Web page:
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Direct Democracy
Direct democracy
Direct democracy
or pure democracy is a form of democracy in which people decide on policy initiatives directly. This differs from the majority of most currently established democracies, which are representative democracies.Contents1 Overview 2 History 3 Examples3.1 Ancient Athens 3.2 Switzerland 3.3 Paris Commune 3.4 United States 3.5 Rojava 3.6 Occupy Wall Street4 Democratic reform trilemma 5 Electronic direct democracy 6 Relation to other movements 7 In schools 8 Contemporary movements 9 See also 10 Notes and references 11 Bibliography 12 Further reading 13 External links13.1 MultimediaOverview[edit] In a representative democracy, people vote for representatives who then enact policy initiatives.[1] In direct democracy, people decide on policies without any intermediary
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Consensus Democracy
Consensus democracy is the application of consensus decision-making to the process of legislation in a democracy. It is characterized by a decision-making structure which involves and takes into account as broad a range of opinions as possible, as opposed to systems where minority opinions can potentially be ignored by vote-winning majorities.[1] The latter systems are classified as Majoritarian Democracy. Consensus democracy also features increased citizen participation both in determining the political agenda and in the decision-making process itself
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Anationalism
Anationalism
Anationalism
(Esperanto: sennaciismo) is a term originating from the community of Esperanto
Esperanto
speakers
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Postcolonial Anarchism
Post-colonial anarchism is a term coined by Roger White in response to his experience as an Anarchist
Anarchist
Person of Color in the anarchist movement in North America. Between 1994 and 2004 White wrote a series of essays reflecting on experiences in the anarchist movement. He identifies racial isolation and tokenism as important features of the experience of people of color in the anarchist movement and attributes this to the prevalence European universalism and an approach to class struggle as a binary relationship between workers and capitalists which does not take account of the cultural aspects of imperialism.[1] Post-colonial anarchism is an attempt to bring together disparate aspects and tendencies within the existing anarchist movement and re-envision them in an explicitly anti-imperialist framework
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Left Anarchism
The terms left anarchism and left-wing anarchism distinguish collectivist anarchism from laissez-faire anarchism and right-libertarian philosophies.[1][2] Left anarchists refer to philosophies which posit a future society in which private property is replaced by reciprocity and non-hierarchical society.[3][4] The term "left anarchism" is sometimes used synonymously with libertarian socialism,[5] left-libertarianism or social anarchism.[6] More traditional anarchists typically discourage the concept of "left-wing" theories of anarchism on grounds of redundancy, that it lends legitimacy to the notion that anarchism is compatible with capitalism[7][8] or nationalism.[9][10] Ulrike Heider, a syndicalist, categorized anarchism into left anarchism, right anarchism (anarcho-capitalism) and green anarchism.[11][page needed] See also[edit]Anarcho-capitalism Collectivist anarchism National-Anarchism Post-left anarchy Right-libertarianism Social anarchismReferences[edit]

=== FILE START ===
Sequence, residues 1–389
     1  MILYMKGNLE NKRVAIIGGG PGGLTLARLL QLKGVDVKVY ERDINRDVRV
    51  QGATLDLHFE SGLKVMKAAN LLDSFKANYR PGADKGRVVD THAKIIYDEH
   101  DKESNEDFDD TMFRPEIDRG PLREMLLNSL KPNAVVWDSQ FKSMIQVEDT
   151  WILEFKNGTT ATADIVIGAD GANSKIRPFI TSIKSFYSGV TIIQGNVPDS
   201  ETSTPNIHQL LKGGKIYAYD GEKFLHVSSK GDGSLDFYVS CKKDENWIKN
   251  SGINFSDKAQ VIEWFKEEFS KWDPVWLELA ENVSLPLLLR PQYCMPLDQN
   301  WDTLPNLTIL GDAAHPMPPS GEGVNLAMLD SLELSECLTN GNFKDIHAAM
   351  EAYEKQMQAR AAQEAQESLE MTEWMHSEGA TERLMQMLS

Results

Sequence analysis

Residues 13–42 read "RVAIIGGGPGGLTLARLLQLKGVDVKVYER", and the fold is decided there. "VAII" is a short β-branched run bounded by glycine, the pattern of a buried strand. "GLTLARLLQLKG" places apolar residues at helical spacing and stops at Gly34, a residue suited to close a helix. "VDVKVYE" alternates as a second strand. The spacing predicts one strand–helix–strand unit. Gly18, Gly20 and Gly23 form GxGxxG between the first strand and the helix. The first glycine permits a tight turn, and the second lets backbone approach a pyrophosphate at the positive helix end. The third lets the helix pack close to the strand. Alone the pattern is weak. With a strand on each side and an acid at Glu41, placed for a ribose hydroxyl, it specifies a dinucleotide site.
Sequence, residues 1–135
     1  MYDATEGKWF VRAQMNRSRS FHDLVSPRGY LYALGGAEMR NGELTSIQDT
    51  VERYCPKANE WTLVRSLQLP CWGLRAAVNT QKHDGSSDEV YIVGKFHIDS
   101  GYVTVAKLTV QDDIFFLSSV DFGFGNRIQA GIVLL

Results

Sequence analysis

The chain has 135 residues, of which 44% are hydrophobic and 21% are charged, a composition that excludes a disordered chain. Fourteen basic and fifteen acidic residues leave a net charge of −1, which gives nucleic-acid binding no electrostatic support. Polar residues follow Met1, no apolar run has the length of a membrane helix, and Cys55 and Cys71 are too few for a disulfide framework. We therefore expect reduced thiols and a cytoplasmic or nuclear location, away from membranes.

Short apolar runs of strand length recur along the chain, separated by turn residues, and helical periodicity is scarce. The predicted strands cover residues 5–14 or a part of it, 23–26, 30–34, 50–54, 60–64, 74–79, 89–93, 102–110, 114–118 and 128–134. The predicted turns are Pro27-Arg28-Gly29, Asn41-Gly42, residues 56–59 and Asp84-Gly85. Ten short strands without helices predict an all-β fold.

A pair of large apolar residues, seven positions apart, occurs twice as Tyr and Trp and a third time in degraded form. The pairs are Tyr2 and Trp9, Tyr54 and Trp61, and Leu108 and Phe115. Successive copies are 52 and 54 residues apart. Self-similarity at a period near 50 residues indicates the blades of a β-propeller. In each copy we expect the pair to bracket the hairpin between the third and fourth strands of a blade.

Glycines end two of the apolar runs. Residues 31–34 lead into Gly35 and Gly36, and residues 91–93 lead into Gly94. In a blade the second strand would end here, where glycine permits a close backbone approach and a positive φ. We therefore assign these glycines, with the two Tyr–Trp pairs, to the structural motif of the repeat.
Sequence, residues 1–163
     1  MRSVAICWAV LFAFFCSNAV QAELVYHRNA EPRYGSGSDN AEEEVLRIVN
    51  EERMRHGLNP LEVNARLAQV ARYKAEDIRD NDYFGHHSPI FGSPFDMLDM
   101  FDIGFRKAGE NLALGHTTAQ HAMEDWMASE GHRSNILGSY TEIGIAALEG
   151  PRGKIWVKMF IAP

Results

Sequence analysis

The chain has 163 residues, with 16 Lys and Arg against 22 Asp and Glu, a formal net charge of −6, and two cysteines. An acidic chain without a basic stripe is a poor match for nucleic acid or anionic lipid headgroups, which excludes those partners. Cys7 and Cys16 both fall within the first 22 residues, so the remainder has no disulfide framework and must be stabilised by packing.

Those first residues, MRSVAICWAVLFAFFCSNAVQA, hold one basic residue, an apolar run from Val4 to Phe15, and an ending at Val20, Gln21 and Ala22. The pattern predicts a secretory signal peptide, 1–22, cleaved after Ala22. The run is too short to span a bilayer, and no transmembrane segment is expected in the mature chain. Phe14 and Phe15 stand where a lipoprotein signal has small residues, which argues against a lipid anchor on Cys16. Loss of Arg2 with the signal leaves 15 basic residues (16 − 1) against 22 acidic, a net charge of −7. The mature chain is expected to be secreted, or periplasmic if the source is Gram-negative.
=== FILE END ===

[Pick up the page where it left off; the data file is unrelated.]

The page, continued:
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Commune (socialism)
The commune is a model of government that is generally advocated by communists, revolutionary socialists, and anarchists. The model is often characterized as being a local and transparent organization composed of delegates bound by mandates. These delegates would be recallable at any time from their positions
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Anarchist Black Cross
The Anarchist Black Cross
Anarchist Black Cross
(ABC, formerly the Anarchist Red Cross) is an anarchist support organization. The group is notable for its efforts at providing prisoners with political literature, but it also organizes material and legal support for class struggle prisoners worldwide
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Philosophical Anarchism
Philosophical anarchism
Philosophical anarchism
is an anarchist school of thought[1] which holds that the state lacks moral legitimacy while not supporting violence to eliminate it.[2] Though philosophical anarchism does not necessarily imply any action or desire for the elimination of the State, philosophical anarchists do not believe that they have an obligation or duty to obey the State, or conversely, that the State has a right to command. Philosophical anarchism
Philosophical anarchism
is a component especially of individualist anarchism.[3] Scholar Michael Freeden
Michael Freeden
identifies four broad types of individualist anarchism. He says the first is the type associated with William Godwin that advocates self-government with a "progressive rationalism that included benevolence to others." The second type is egoism, most associated with Max Stirner